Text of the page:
Studio Focus: SAE Melbourne Opens Up
The first day of school can be rough; no friends, unfamiliar surroundings. It’s easy to just duck your head, go to class, and keep the interaction to a minimum. SAE’s Melbourne campus used to be a little like that. Cosy, sure, but light on the breakout areas. It was very much a come-and-go kind of place full of small studios and classrooms attached to a rabbit warren of corridors.
But over the last couple of years, SAE has been rebuilding its campus and rethinking the way SAE students learn, with a focus on facilitating collaboration.
After securing the adjoining building, it not only allowed the campus to double in size, but rethink the layout to add more space as well as new facilities. Corridors are wider, ceilings are higher, breakout areas are everywhere, the library study area has grown considerably, and permanent outdoor seating links to a large cafeteria hangout. It’s a place you want to spend time in, which is crucial if the goal is to get students talking to each other.
So far so good, we talked to a couple of students who are loving the new facilities. We caught Becki Whitton — a singing teacher enrolled to develop her production chops — as she was heading to the airport to coach a Canberra-based student through her album recording. She’s been getting a bit of extra-curricular tutelage herself from a ‘drum programming guru’ in her class.
Charles Mann is in his second year and starting to feel his mixes clicking into gear. He’s especially looking forward to running live shows in the new soundstage, seeing live engineering as a key part of his future.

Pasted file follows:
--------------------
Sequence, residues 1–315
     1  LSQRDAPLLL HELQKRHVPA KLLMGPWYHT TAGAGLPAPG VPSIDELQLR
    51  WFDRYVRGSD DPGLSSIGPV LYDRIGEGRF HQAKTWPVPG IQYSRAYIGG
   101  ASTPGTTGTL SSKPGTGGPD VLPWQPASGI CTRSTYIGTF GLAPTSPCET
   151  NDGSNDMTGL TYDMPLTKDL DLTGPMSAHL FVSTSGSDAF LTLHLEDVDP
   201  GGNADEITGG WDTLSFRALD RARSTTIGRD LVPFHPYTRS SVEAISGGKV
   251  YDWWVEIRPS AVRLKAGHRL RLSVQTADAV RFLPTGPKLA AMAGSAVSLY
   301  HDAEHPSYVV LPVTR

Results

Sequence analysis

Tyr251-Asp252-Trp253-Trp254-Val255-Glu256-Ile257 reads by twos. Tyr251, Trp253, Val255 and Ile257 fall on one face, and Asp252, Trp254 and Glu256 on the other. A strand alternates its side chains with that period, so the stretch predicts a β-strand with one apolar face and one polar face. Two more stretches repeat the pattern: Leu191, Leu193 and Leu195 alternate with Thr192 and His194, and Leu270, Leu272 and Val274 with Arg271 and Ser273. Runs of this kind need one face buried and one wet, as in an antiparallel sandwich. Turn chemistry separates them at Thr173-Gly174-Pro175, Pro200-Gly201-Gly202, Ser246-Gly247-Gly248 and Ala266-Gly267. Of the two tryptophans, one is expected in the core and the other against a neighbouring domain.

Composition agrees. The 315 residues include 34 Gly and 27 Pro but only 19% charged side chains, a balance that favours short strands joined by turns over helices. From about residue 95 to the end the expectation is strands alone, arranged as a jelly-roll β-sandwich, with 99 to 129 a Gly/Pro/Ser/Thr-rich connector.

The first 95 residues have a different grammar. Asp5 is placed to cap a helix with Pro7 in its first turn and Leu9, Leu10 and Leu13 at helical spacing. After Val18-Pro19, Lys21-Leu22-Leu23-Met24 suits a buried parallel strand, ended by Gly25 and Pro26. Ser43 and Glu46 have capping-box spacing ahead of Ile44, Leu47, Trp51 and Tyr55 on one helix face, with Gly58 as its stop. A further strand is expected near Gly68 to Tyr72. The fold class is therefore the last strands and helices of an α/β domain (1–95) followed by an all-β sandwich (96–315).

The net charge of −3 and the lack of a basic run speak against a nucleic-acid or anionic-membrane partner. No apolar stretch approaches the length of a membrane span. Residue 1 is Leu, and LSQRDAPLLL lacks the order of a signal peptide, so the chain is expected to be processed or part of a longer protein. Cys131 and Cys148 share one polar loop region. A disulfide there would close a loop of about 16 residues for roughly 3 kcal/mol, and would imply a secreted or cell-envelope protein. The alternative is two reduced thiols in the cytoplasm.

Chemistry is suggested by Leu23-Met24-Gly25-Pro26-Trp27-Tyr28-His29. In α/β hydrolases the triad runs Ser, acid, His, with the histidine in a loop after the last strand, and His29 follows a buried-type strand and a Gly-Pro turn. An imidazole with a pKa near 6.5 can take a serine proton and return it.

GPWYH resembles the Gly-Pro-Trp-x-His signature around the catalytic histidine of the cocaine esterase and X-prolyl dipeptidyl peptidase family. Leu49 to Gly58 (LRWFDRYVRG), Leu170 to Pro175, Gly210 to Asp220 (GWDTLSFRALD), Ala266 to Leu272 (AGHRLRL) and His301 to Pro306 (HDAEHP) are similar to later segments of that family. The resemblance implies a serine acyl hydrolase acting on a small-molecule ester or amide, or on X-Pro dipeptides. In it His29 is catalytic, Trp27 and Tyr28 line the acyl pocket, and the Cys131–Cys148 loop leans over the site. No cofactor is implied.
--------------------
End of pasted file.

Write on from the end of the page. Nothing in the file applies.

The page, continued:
That new soundstage is pretty impressive, big enough to house an orchestra, but the plan is to use it primarily as a live venue and filming stage. It’s a double-storey (commercial height) 360ft² space with a separate loading bay and hydraulically operated lighting rig. Curtains can be pulled around the space to take the edge off, but there’s also some fixed baffling on the walls.
Back in Issue 104, AT got the hardhat tour of the new premises, which was little more than a basic concrete structure at the time. You could see it taking shape, but now it’s a professional soundstage completely isolated from its industrial surroundings.
In the upstairs bio box is a new Avid S6 control console. While the existing Neve Genesys is still the flagship analogue console at the campus, the S6 lets students get their hands on professional level digital control. With 5.1 Focal monitoring, it can serve as a post-production mix down facility, a standard mix room, or as an interface to the soundstage for live broadcasts. To broaden its use even further, SAE’s technical department opted to install a Focusrite Rednet system, which can connect inputs from anywhere in the campus into the S6 room via ethernet. Downstairs on the soundstage floor, an Avid S3L compact live system lets students get experience mixing on a current touring rig.
Like most facilities on the SAE campus, the soundstage is designed to be multi-disciplinary, but also bolsters the live component of SAE’s curriculum. And, of course, it’s a great place for students to collaborate.
You can check out our tour of the new facilities at: